In about 850 B.C.E., Vulcans established a monastery on the planet P'Jem .

In about the second century B.C.E., Vulcans emerged under a philsopher named Surak from their violent tendencies and civil wars. Surak advocated the suppressing of emotion in favor of logic. This period was known as the Great Awakening and almost all of present-day Vulcan philosophy emerged from this period. This lifestyle was not universally accepted, and a portion of society left Vulcan for the stars. These would eventually become known as the Romulans. (Dates for the Great Awakening vary, but Romulans existed as a distinct race as early as 200 C.E., so it would have to have been prior to this.)

Interstellar activity

The Vulcans fought a hundred-year war with the Romulans. (The date for this event is unrevealed, but it was over by 2044.)

Vulcan first contact with the Andorian race was promising, but relations soured in time. The threat of mutual annihilation existed as early as the 1950s.

In 1957, the lauch of Sputnik I, Earth's first artificial satellite, was observed by a Vulcan vessel that subsequently crashed on the planet.

In 2053 the Vulcans made first contact with the Arkonians .

On April 5, 2063 Vulcans and Humans make official first contact.

In 2097 the Vulcans annexed the Andorian planetoid Weytahn and renamed it Pan Mokar.

In 2105 The Vulcan and Andorians agree a compromise over the planet Weytahn / Pan Mokar. Still, tensions continue due to the threat of mutual annihilation.

On August 12, 2161, Vulcan becomes one of the founding members of the United Federation of Planets.


The Vulcan spoken language has been heard intermittently throughout the various Star Trek series. Most of the official spoken Vulcan occurred in Spock's kolinahr ceremony in Star Trek The Motion Picture, and a short fourteen word conversation between Spock and Saavik in Star Trek II: The Wrath of Khan. Other words and short phrases have also been heard elsewhere. A more thorough treatment of the Vulcan language can be found at the Vulcan Language Institute.

The Vulcans appear to have three written languages; two of which which can be used separately or in combination with each other. The most common script on Vulcan is a vertically-written script, having a central staff line on which vertical spirals and horizontal dashes are written, along with dots in various combinations. While no official translations for these symbols exist, it is assumed that the dots and dashes represent consonants and the spirals are the vowels. The script is written in vertical columns from top to bottom, left to right (like Mongolian). The second script written in the same direction consists of swirly curved symbols (like Japanese hiragana). It is assumed that these symbols are also phonetic, perhaps syllabic or consonantal. The first two scripts can be used seperately or in combination with each other. When this is the case, the swirl symbols accompany the staff writing symbols as annotation written to the right of the staff. A third script consists of rectangular blocks cut into geometric shapes. They have only ever been seen on the hulls of some Vulcan ships and bear no relation to the first two scripts.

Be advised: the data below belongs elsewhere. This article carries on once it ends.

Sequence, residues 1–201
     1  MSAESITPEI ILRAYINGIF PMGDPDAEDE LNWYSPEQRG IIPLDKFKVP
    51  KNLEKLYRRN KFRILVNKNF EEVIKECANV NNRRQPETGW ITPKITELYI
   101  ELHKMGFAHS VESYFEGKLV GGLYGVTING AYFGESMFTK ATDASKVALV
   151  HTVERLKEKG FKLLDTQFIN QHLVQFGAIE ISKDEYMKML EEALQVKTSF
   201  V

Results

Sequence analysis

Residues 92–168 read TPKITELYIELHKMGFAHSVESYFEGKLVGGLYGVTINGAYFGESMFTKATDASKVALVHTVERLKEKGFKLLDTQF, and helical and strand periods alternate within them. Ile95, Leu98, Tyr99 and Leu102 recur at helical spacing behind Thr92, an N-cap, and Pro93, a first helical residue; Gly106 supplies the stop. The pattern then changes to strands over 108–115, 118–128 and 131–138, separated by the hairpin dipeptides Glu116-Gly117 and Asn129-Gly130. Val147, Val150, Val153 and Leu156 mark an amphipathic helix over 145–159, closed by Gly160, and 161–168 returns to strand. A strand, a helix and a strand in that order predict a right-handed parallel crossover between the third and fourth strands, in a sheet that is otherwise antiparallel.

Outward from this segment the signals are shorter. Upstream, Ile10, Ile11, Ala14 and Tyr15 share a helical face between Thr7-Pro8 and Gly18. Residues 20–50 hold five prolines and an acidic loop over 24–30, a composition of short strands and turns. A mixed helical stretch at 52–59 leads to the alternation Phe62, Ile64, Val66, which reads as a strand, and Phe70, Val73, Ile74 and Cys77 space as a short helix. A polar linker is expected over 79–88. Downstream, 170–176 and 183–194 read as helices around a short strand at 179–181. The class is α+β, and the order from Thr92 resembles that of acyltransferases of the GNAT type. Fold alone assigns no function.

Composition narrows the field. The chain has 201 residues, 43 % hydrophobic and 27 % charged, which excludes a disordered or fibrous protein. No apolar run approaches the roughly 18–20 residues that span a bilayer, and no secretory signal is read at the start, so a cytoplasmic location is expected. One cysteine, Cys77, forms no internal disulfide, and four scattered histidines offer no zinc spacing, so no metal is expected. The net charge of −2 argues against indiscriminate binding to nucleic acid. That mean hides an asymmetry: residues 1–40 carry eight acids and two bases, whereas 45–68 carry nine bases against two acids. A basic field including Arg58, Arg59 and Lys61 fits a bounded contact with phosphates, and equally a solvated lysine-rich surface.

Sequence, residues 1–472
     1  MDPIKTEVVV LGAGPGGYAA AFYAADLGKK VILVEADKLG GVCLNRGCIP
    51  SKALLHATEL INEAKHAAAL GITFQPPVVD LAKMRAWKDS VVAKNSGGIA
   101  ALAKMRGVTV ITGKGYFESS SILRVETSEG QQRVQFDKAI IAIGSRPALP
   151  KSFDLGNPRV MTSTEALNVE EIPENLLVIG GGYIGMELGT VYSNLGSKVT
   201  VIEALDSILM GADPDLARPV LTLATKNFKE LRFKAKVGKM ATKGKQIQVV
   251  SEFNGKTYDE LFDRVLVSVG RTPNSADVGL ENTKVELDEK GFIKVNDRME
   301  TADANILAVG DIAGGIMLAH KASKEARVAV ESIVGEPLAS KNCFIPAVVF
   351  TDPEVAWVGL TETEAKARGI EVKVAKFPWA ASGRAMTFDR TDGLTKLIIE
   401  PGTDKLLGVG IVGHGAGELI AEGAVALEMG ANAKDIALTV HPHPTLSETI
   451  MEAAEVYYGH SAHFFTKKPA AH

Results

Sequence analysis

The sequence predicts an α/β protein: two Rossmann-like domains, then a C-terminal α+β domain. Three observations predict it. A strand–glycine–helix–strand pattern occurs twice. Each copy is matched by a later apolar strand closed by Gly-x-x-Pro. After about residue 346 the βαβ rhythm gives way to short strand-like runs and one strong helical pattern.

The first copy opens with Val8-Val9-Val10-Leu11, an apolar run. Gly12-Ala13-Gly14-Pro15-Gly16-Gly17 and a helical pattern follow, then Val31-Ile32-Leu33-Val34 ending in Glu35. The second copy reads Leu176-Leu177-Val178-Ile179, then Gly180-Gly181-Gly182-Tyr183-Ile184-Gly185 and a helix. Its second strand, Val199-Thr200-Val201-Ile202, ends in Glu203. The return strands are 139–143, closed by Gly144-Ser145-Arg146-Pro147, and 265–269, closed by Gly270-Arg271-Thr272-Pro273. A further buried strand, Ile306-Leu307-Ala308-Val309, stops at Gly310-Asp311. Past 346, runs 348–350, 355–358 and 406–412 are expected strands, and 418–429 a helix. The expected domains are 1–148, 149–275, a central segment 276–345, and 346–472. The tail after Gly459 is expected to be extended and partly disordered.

Vulcan males usually have named which begin with 'S' and end with 'k'. Vulcan females usually have names which begin with 'T' and an apostrophe, followed by three letters.

Famous Vulcans

Vulcans in other media

  • Green Lantern - In an issue of DC Comics' Green Lantern series, an obviously Vulcan character appeared as a member of the Green Lantern Corps. He had pointed ears, spoke 'logically', and he had a brief conversation with Hal Jordan (Main character of the series) which ended with a "live long and prosper" and the famous hand gesture.


  • Star Trek: The Magazine v3 #10 (February 2003 - "Romulan Propulsion Historical Overview" by Rick Sternbach & Tim Earls )

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Last updated: 10-24-2004 05:10:45